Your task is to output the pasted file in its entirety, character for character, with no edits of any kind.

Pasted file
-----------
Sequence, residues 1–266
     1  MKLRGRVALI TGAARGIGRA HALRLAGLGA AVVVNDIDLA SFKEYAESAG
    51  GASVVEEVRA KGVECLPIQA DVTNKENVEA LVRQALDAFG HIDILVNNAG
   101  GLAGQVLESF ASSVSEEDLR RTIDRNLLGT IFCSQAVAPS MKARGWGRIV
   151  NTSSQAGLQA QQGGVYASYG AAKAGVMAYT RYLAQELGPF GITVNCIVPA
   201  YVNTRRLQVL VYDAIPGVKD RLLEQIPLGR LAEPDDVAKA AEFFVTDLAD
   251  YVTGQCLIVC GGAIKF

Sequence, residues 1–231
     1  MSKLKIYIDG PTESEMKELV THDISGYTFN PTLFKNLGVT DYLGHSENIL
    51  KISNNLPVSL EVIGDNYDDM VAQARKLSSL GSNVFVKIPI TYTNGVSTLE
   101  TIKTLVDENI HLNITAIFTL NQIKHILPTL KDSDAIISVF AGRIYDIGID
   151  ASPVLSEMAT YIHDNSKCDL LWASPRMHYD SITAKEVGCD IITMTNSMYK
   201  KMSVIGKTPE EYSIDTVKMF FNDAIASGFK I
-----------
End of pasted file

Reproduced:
Sequence, residues 1–266
     1  MKLRGRVALI TGAARGIGRA HALRLAGLGA AVVVNDIDLA SFKEYAESAG
    51  GASVVEEVRA KGVECLPIQA DVTNKENVEA LVRQALDAFG HIDILVNNAG
   101  GLAGQVLESF ASSVSEEDLR RTIDRNLLGT IFCSQAVAPS MKARGWGRIV
   151  NTSSQAGLQA QQGGVYASYG AAKAGVMAYT RYLAQELGPF GITVNCIVPA
   201  YVNTRRLQVL VYDAIPGVKD RLLEQIPLGR LAEPDDVAKA AEFFVTDLAD
   251  YVTGQCLIVC GGAIKF

Sequence, residues 1–231
     1  MSKLKIYIDG PTESEMKELV THDISGYTFN PTLFKNLGVT DYLGHSENIL
    51  KISNNLPVSL EVIGDNYDDM VAQARKLSSL GSNVFVKIPI TYTNGVSTLE
   101  TIKTLVDENI HLNITAIFTL NQIKHILPTL KDSDAIISVF AGRIYDIGID
   151  ASPVLSEMAT YIHDNSKCDL LWASPRMHYD SITAKEVGCD IITMTNSMYK
   201  KMSVIGKTPE EYSIDTVKMF FNDAIASGFK I